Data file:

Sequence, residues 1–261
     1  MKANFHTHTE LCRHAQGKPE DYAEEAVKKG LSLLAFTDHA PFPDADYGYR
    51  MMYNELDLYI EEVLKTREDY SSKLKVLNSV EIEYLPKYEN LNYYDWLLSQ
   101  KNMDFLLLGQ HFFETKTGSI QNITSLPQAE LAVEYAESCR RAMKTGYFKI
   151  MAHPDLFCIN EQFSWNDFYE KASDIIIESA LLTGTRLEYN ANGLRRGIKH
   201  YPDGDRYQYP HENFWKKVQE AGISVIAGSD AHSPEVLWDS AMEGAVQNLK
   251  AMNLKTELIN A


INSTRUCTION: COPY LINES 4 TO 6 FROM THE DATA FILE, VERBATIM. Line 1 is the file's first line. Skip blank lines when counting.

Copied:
   101  KNMDFLLLGQ HFFETKTGSI QNITSLPQAE LAVEYAESCR RAMKTGYFKI
   151  MAHPDLFCIN EQFSWNDFYE KASDIIIESA LLTGTRLEYN ANGLRRGIKH
   201  YPDGDRYQYP HENFWKKVQE AGISVIAGSD AHSPEVLWDS AMEGAVQNLK